Our take: Celebrities have elevated baby-naming to an eyebrow-raising art. Apple, Zuma and Pirate are just a few original examples. Of course, movie stars aren't the only people who have a knack for creativity in this department; Mormons are making a mark as well. LDS Living recently talked to Jennifer Mansfield, a graduate of student folklore, about the different types of Mormon names and the impact they can have on children.
Picture this: You're in a Wal-Mart parking lot on a Monday evening (a little before 6 'o clock) and you see a yellow van park across from you. The door opens and kids, all dressed in knee length shorts and capris, spill out onto the pavement. A mom and a dad join the crew (also dressed in knee length shorts), and together, the family treks into the store to shop for ice cream toppings. If you're anything like me, your first thought is, Mormon.
It's not always easy to tell if someone is Mormon, but some things (like knee-length shorts and big families) are pretty good hints. Sometimes just a name is a dead giveaway: if a guy introduces himself as Moroni Young, you can be 98% sure he's Mormon.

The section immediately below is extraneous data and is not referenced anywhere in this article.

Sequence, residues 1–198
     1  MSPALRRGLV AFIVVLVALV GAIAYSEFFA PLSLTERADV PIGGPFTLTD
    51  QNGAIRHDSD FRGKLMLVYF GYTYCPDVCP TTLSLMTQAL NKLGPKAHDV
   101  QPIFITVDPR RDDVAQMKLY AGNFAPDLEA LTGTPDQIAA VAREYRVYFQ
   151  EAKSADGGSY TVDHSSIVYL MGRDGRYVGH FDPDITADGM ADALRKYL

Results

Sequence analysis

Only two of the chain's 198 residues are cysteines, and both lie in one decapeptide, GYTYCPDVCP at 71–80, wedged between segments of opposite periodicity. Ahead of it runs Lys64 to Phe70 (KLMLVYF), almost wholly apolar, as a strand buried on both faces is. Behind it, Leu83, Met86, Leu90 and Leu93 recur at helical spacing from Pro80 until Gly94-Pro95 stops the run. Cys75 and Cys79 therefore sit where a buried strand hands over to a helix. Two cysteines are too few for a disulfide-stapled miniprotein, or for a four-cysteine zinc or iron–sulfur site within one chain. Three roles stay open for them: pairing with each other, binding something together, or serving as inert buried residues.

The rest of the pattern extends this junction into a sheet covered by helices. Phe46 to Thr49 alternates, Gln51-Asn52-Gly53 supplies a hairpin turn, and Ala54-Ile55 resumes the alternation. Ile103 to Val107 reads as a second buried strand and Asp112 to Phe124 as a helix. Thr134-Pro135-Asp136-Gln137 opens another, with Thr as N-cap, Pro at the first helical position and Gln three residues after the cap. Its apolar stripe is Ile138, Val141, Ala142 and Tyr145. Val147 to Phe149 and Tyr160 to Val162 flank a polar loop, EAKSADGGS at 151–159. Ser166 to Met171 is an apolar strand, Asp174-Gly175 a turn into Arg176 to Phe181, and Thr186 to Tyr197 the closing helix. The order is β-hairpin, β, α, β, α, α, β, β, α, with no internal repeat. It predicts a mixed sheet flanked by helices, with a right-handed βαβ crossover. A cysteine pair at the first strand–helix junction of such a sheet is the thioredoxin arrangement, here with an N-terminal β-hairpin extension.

What is a Mormon name?
We may not always recognize it, but as Mormons, we definitely have a unique culture, and names are a big part of that. While not every Mormon has a Mormon name, there are some trends that spread wide in our culture.
Jennifer Mansfield, a current graduate student in the Folklore Program at Utah State University, identified six different types of Mormon names: religious (Moroni, Nephi, Brigham), combination (Taylee, Mandylyn), invented (Kaislen), creatively spelled (Kady, Taeler), ancestral (Freestone, Jenkin), and themed (Monson, Hinckley, Kimball).
But parents who give their kids Mormon names don't seem to recognize that they're doing it. Mansfield noticed that the mother who had given her kids theme names (like Kyler, Kailen, and Kory) thought that Moroni and Nephi were Mormon names, while Moroni and Nephi's mom seemed to think that Kyler, Kailen, and Kory were Mormon names. Nobody thinks they're doing it, Mansfield explained. But a lot of people are.